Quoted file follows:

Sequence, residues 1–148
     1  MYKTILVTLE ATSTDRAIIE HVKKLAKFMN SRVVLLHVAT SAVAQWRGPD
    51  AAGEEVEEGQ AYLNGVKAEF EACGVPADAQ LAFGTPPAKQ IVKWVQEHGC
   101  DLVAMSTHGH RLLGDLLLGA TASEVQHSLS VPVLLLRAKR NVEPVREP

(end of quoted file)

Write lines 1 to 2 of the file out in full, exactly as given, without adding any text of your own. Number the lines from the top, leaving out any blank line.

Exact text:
Sequence, residues 1–148
     1  MYKTILVTLE ATSTDRAIIE HVKKLAKFMN SRVVLLHVAT SAVAQWRGPD